Venice has again become the floating world for contemporary artists.

The American, the British Pavilions focused on black heritage and reclaiming cultures reduced to invisibility (Simone Leigh for the US, Sonia Boyce for Great Britain). Skuja Braden presented ceramic oddities (penis chandeliers, platefuls of vaginas, crosses, etc.) for the Latvian Pavilion. There are accounts of how curator Maria Lanko and members of her team “packed 72 copper funnels into boxes and then loaded them into her small car,” which drove the hell out of Kyiv on the second day of Putin’s invasion of Ukraine. Centaurs, sci-fi vampires, faces on glass windows of abandoned buildings… these are the otherworldly “The Milk of Dreams” images at the 59th Venice Art Biennale curated by Cecilia Alemani. No casual must-visit-pavilion essays can effectively describe the transformative, prismatic visions of the featured artists. Challenging conceptual works need to be mulled over, pondered upon, digested with languid sips of birra and Spritz.

Our very own Philippine Pavilion itself is better appreciated when experienced either firsthand or via a digital tour. It demands presence, participation, contemplation, and response. The viewer allows the work to unfurl, complete itself, and create something else entirely. That was what we found out when we attended the biennale vernissage in Venice on April 21.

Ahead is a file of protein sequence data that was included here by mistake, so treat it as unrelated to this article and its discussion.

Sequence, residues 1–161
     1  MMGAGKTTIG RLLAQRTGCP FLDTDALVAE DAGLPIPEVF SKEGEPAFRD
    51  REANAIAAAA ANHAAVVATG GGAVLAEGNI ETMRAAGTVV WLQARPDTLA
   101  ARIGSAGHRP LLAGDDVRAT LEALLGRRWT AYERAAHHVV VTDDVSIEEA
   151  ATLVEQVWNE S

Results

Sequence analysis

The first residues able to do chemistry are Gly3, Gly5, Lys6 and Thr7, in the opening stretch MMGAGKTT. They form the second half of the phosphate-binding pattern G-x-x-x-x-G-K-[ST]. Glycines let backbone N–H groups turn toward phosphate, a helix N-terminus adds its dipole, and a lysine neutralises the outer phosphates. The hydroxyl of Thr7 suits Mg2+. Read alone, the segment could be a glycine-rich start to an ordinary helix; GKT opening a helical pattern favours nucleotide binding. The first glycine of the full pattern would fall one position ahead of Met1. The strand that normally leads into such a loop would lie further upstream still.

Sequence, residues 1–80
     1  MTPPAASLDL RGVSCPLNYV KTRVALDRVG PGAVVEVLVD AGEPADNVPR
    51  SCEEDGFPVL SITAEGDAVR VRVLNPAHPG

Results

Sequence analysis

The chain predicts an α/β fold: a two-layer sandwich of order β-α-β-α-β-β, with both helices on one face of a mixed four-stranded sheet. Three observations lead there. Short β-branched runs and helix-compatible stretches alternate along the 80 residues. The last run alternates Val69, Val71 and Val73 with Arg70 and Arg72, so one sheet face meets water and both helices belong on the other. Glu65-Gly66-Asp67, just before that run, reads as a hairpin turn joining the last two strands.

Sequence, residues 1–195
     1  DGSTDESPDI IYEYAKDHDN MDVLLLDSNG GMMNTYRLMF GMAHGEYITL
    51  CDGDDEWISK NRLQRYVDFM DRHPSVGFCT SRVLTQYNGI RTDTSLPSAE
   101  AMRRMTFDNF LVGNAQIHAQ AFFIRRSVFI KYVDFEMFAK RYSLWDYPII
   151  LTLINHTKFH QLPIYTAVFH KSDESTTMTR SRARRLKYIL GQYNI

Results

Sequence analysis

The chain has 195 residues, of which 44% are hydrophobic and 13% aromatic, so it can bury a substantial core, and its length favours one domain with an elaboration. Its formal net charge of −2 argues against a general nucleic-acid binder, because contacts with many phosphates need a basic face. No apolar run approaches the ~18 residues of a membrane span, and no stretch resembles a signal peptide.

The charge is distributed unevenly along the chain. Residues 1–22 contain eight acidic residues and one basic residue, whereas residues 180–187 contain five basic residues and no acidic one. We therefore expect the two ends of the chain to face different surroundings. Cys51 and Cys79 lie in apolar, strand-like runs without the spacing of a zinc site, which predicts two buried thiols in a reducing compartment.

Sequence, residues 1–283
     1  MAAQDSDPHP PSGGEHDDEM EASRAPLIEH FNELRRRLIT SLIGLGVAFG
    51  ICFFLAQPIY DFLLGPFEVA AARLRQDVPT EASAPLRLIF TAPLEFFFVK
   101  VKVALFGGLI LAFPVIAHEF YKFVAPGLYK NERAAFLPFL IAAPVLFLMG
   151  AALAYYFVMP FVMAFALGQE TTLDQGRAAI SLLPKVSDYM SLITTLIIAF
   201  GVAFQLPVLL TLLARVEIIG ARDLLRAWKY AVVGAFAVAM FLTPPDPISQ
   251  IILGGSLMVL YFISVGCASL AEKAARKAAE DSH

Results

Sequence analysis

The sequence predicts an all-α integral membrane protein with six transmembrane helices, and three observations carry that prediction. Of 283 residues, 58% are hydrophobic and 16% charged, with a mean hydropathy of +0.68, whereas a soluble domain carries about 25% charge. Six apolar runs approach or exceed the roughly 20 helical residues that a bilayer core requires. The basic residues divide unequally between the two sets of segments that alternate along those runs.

“Andi taku e sana, Amung taku di sana/All of us present, This is our gathering” is curated by Yael Buencamino-Borromeo and Arvin Flores, and it features the collaborative works of artist Gerardo Tan, ethnomusicologist Felicidad Prudente, and master weaver Sammy Buhle. We shall dissect the intricacies of this interdisciplinary undertaking featuring Tan, Prudente and Buhle — all with diverse practices coming together for a multimedia conceptual piece about collective consciousness, what constitutes a community, as well as the transmutation of art and artistic encounters — in a future article for STAR.

The exhibit title is lifted from the opening lines of a sogna, a chant performed by the Madukayans of Kalinga. Once you enter the tunnel that leads to the pavilion, the chant by Jose Pangsiw blooms forth like an invocation from the mountains in a two-channel video titled “Speaking in Tongue.” The chant, transcribed by Fe Prudente, is interpreted by Gerry Tan doing a performative painting using his tongue and some squid ink.

Yael says the sogna is traditional, since it has been passed down from generations, and yet remains vibrant, alive and relevant to the community, because it is composed for each occasion. The tongue painting is a translation from the oral to the visual.